Monday, 13 August 2007

Observing transient reflections through shards of pottery

Bessy spent most of last night building an observatory from the bricks lying about the garden. It would seem she wanted a closer look at her alter ego, residing currently on a piece of rock near Pluto. Margaret said I should check the view through the telescope before Bessy did, just in case said ego was frightening. I like Bessy as she is and had no wish to see her as anything else. So I left Margaret to do the scary bit and went to find Felix.

Felix is, he tells me, the alter ego of a canary known to float along the French Riviera on a polystyrene cool box and, at the same time, that of a professor of philosophy with bunions, buried in an Oxfordshire churchyard sometime in the nineteenth century. I asked if the two original egos knew each other. He said that was impossible given that the bird was incapable of seeing anything but its own reflection.

George was an astronaut once and took flowers with him in case he found a suitable recipient in space. I suggested the flowers would never droop if there was no gravity, which would be a good thing. George said there was no merit in that, since the drooping was an essential part of why we found them beautiful in the first place. I felt George was about to start his life-is-transient-so stop-wasting-it lesson, so I left for the surgery.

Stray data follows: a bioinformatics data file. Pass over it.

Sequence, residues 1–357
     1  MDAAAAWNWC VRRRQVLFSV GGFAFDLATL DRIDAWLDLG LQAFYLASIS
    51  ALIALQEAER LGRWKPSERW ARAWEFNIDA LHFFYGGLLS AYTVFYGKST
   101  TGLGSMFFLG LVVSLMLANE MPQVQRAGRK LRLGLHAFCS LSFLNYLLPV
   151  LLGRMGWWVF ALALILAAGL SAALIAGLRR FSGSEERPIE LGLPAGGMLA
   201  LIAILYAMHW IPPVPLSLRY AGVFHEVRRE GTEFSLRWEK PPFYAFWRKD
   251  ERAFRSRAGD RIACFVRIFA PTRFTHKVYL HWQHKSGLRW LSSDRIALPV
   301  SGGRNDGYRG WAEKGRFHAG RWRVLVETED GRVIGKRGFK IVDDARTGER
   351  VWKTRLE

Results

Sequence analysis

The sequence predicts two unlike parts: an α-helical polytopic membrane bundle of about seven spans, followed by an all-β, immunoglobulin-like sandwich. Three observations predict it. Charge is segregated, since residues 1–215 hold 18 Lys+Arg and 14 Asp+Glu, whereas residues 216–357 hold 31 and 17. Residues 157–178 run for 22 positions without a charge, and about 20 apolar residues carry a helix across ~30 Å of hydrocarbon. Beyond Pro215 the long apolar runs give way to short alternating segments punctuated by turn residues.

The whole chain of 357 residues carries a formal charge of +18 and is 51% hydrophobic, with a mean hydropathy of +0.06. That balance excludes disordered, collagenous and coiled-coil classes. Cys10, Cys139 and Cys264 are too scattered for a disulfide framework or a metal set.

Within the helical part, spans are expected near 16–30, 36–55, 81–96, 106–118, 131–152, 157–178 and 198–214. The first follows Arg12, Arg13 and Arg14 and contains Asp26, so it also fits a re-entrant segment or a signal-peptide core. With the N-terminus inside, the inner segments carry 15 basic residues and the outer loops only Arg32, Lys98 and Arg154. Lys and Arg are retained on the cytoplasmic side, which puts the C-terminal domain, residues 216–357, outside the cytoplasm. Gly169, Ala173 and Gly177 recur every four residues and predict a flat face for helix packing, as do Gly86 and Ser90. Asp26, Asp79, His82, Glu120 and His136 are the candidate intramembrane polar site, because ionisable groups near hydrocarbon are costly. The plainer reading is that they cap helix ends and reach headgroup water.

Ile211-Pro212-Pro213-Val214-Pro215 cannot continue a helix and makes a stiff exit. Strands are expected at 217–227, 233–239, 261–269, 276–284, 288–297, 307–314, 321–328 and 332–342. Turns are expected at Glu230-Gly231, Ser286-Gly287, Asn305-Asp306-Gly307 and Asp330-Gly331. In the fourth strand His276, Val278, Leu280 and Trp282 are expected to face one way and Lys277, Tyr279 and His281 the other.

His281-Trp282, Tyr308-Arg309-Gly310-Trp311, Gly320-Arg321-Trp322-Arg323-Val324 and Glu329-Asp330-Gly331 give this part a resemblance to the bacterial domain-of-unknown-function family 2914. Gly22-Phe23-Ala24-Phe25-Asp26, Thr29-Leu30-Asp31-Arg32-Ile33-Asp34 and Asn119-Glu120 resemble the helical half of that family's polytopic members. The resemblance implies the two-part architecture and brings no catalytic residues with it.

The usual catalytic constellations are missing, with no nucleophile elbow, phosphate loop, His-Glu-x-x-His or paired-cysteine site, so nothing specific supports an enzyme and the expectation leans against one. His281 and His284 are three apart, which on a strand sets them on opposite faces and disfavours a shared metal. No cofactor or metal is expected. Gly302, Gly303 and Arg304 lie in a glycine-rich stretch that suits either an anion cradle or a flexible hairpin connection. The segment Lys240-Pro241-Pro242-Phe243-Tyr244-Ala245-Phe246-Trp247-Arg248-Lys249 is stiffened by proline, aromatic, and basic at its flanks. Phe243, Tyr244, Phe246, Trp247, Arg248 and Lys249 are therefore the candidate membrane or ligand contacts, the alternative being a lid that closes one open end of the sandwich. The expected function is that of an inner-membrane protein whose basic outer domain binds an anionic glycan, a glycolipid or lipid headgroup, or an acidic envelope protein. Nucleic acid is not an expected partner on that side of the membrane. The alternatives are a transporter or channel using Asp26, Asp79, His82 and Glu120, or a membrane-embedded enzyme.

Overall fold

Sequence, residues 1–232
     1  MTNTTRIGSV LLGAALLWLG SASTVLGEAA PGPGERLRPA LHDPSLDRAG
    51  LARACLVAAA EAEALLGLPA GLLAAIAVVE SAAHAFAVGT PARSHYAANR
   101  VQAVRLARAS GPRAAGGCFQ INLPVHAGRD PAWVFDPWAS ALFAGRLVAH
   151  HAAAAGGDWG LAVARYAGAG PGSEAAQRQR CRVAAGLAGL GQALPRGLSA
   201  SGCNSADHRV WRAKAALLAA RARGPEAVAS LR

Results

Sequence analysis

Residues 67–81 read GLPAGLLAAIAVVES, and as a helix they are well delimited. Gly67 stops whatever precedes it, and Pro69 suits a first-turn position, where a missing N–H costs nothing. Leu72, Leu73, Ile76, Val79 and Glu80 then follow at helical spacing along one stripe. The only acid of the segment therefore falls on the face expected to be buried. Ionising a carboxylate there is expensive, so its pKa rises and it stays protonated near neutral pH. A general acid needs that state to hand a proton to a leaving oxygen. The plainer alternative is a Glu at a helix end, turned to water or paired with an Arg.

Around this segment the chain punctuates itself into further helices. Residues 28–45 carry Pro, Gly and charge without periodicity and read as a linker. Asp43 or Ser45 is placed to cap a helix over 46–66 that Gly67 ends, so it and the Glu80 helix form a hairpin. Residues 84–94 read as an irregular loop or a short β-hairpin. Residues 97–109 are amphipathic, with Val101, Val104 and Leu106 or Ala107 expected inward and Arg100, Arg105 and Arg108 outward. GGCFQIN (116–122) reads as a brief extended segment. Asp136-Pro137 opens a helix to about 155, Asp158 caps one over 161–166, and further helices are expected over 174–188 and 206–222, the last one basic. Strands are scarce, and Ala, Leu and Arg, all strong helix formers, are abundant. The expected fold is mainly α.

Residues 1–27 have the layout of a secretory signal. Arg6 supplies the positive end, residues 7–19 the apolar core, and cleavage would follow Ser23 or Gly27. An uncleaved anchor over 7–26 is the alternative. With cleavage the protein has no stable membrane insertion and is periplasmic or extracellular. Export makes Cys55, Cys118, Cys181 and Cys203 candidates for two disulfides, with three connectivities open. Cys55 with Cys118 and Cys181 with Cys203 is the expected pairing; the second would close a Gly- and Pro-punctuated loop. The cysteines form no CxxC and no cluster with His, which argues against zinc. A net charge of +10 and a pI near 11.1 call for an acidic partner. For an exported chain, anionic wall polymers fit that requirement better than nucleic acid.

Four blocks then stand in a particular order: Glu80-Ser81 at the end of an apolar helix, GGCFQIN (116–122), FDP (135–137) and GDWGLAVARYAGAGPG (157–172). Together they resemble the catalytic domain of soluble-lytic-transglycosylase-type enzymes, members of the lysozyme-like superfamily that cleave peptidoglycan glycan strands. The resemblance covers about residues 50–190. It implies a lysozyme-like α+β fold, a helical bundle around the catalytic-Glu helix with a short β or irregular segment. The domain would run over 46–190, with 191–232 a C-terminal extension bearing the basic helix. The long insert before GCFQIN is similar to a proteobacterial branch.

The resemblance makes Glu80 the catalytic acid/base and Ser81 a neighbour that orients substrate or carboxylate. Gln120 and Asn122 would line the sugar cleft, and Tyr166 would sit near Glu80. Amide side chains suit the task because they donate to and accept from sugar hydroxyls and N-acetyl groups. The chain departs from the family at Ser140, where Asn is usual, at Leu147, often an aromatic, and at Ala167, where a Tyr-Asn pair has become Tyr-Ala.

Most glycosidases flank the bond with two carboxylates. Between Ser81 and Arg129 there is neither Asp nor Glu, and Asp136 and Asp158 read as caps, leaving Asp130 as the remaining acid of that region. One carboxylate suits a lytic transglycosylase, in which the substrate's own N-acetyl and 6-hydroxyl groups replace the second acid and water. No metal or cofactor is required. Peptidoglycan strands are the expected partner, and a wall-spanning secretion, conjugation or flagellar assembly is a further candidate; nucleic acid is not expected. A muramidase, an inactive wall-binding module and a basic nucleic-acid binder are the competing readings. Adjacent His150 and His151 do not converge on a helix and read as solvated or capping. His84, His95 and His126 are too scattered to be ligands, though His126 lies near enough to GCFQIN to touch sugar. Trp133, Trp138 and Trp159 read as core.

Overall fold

Cookie had covered Mr Barryparry's face with a special cloth weaved from the thoughts of all the nice people in the world who hold fragments of pottery together as the glue sets. Cookie insists it helps fragile people who come to the surgery. I asked Mr Barryparry if he'd seen his alter ego and broken into many parts. Cookie said that was perfectly possible given that Mr Barryparry visits churches built with movable parts. I'm not sure I or Mr Barryparry followed, but the allusion was charming, as ever.

It seems to me that, however hard you look for the other side of a personality, it'll always be obscured by glued-together fragments of one sort or another. Perhaps it's not worth looking for after all given the transience of life. Or perhaps it is, if it interests you.

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